Bailey West Named 2021 University of Maine Valedictorian; Outstanding Graduating Student in Honors and NSFA
Honors student and biochemistry major Bailey West was recently named the valedictorian for the University of Maine Class of 2021! In addition, Bailey was recognized by the Honors College and the College of Natural Sciences, Forestry, and Agriculture as the Outstanding Graduating Student in both colleges.
Bailey has been an active member of the Honors community throughout her time at the University of Maine. She is the long-standing student organizer for the Honors College’s annual Walk to End Alzheimer’s team, bringing staff, faculty, and students together each fall in support of Alzheimer’s awareness.
She also works as an Honors College Student Ambassador, serving as a community builder and resource for prospective and current Honors students. Last year, Bailey and the other ambassadors supported a Giving Tuesday personal care item collection event to benefit the Black Bear Exchange.
The success of this event inspired Bailey, alongside fellow ambassador Katie Tims, to develop the “It’s Personal” personal care item donation campaign. The duo received a Maine Hunger Dialogue grant to fund their extended work on this pressing issue. Click to read an interview with Bailey and Katie and learn more about the “It’s Personal” campaign.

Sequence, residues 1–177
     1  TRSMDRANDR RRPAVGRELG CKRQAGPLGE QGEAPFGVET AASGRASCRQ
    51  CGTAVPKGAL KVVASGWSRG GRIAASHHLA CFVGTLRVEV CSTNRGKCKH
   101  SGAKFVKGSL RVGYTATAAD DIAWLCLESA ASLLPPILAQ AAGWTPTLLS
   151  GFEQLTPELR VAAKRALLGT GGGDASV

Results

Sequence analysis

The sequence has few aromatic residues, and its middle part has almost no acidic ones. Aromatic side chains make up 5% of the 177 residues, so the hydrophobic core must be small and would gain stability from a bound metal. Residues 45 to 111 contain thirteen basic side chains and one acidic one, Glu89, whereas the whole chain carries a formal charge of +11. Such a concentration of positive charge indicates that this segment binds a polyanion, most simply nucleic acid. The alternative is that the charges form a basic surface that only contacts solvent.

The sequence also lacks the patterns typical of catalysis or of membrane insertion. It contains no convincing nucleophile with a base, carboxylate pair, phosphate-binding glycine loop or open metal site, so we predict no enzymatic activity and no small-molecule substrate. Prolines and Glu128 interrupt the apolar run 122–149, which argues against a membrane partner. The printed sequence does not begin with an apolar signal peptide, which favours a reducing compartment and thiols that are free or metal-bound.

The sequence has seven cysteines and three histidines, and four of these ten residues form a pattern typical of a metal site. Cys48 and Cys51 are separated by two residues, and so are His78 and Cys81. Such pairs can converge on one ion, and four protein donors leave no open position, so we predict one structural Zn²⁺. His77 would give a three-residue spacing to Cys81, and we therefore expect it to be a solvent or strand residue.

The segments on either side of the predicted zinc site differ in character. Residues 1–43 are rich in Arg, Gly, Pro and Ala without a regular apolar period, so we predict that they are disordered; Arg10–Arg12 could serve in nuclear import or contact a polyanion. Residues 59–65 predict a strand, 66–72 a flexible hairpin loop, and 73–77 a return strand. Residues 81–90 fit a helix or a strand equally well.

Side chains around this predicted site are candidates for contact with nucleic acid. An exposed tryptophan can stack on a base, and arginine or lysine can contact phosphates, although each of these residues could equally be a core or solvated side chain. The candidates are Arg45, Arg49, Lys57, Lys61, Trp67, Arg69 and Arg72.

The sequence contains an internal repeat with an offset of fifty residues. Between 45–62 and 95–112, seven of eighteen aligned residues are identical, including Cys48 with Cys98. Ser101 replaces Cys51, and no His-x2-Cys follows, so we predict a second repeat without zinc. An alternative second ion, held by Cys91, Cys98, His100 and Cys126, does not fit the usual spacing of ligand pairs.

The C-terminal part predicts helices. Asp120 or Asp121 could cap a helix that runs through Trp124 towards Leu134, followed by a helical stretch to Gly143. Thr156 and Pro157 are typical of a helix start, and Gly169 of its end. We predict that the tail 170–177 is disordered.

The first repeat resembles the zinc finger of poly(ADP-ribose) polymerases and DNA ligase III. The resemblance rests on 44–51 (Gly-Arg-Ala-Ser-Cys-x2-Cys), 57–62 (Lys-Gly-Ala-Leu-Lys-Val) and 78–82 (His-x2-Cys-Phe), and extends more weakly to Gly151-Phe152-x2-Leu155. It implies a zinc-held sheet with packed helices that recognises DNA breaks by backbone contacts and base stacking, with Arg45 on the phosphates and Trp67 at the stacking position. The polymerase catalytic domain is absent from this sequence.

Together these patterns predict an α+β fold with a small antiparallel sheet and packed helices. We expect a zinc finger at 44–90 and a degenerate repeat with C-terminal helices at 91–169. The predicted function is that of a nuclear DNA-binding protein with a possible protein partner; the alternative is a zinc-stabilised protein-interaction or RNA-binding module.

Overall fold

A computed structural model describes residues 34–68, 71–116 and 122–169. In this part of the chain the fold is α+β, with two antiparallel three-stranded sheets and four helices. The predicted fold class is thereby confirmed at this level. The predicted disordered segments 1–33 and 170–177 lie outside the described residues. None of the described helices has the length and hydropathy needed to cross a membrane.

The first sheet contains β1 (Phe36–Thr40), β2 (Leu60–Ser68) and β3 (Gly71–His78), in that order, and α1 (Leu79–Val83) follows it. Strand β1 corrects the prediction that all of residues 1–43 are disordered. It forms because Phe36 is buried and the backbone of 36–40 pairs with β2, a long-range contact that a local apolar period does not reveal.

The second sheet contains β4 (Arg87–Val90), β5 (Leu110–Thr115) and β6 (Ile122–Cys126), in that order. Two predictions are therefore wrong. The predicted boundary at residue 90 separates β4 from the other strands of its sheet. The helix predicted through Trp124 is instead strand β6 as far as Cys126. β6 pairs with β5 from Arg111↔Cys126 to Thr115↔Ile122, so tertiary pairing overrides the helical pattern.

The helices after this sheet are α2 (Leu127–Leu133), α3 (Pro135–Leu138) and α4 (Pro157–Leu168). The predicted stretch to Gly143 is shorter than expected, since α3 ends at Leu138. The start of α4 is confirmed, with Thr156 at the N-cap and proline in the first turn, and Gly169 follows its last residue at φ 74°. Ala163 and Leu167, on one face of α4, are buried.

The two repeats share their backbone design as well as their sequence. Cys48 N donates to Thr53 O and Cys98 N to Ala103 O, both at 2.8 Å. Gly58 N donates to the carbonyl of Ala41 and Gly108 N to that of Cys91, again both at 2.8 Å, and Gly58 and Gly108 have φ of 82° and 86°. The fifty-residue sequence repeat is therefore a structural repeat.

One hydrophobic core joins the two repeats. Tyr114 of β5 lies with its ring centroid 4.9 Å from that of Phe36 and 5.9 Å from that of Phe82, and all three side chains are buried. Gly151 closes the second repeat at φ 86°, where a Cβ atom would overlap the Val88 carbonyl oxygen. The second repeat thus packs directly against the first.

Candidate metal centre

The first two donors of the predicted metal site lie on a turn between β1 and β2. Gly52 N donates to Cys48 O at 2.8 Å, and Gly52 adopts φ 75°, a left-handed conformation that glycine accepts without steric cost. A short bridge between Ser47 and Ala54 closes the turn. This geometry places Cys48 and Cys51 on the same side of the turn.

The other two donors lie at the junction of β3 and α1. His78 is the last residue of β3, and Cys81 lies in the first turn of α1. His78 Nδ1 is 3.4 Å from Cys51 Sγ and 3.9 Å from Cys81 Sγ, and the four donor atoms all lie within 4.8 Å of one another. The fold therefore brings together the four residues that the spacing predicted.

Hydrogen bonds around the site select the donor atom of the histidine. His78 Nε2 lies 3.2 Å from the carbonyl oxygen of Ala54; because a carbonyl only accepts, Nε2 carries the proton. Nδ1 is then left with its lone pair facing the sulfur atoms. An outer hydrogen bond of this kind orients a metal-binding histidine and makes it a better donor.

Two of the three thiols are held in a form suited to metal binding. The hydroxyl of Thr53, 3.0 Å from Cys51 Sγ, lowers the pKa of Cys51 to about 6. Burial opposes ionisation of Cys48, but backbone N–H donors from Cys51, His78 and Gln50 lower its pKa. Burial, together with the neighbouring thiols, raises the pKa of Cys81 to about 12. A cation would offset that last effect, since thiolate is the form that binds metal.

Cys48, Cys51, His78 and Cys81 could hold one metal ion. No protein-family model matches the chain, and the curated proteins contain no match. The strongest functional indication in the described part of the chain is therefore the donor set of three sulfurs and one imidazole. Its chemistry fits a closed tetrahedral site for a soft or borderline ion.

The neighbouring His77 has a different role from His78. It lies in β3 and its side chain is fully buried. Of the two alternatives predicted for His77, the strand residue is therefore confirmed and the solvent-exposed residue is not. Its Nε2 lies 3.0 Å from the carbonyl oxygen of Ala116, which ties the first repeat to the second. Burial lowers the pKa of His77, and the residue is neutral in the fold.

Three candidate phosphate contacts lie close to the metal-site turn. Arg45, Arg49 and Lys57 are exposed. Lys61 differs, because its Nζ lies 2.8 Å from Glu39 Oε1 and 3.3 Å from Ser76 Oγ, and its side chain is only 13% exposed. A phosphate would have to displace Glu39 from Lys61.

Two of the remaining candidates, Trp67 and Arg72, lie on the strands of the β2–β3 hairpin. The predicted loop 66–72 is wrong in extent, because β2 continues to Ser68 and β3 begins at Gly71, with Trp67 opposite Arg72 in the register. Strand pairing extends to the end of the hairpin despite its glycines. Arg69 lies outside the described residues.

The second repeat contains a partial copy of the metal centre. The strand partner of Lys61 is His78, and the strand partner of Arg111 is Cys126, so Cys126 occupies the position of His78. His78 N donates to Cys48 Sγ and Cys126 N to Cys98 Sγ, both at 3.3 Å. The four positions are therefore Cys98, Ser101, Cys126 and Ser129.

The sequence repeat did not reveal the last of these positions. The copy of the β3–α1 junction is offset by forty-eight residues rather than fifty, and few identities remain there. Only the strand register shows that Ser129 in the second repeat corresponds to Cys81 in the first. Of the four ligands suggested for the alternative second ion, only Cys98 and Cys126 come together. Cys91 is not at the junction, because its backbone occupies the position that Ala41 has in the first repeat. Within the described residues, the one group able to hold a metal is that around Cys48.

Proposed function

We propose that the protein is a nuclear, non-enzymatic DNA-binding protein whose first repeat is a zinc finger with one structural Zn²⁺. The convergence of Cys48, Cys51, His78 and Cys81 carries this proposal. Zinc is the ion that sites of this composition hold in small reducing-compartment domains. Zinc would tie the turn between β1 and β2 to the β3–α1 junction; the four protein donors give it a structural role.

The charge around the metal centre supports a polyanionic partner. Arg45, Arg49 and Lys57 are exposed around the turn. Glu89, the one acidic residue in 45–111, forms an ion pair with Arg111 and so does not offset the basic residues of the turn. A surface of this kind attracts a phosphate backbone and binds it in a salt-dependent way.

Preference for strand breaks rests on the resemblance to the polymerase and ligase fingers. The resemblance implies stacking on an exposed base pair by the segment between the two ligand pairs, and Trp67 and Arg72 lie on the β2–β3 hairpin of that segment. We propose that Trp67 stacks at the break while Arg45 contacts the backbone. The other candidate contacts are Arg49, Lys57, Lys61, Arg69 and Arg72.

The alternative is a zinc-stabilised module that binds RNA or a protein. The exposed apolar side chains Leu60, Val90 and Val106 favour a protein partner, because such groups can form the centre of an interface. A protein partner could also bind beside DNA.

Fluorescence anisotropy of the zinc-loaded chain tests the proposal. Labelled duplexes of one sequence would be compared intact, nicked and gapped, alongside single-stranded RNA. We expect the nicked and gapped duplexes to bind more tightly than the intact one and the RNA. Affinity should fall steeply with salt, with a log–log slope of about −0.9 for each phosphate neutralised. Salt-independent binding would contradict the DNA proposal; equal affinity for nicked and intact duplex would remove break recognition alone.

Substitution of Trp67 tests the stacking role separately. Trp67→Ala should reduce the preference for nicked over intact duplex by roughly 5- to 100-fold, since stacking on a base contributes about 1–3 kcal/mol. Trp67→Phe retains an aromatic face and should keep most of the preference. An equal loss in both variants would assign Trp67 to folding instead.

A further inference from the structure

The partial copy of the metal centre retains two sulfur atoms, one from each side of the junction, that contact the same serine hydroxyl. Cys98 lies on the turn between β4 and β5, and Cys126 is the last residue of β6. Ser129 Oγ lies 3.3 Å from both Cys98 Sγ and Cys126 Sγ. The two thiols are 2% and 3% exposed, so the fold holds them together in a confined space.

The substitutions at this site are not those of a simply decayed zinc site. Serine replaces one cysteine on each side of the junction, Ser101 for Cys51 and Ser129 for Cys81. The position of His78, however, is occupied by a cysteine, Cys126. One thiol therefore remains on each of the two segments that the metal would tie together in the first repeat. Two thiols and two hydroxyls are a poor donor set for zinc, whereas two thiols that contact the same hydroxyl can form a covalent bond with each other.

In an interview with UMaine News, Bailey discussed the impact that being a part of the Honors College had on her academic experience. “With its strong emphasis on the humanities and discussion-based learning, the Honors College experience has challenged me to embrace new perspectives and subject areas outside of my discipline. The Honors College has also provided me with experiential learning through service projects and travel opportunities, including a trip to Washington, D.C.,” described Bailey.
Bailey is currently working on her Honors thesis, advised by Professor Julie Gosse. Her thesis, titled “Oral-Care Antimicrobial Cetylpyridinium Chloride Inhibits Mast Cell Function: Role of Tyrosine Phosphorylation Cascade?” is set to be defended in early May. In addition to the thesis document, all Honors thesis students produce a reading list, made up of twelve to fifteen texts that have played a significant role in their development. Bailey’s Honors reading list is a narrative essay that weaves texts and experiences from childhood and college into a meditation on personal and intellectual growth.
After graduation, Bailey will participate in The Jackson Lab’s Summer Student Program, a 10-week research fellowship in mammalian genetics and genomics. She plans to pursue a Ph.D. in pathobiology at the Johns Hopkins University School of Medicine beginning this fall.
Congratulations, Bailey, on all of your accomplishments thus far—and best of luck in achieving all those that lie ahead!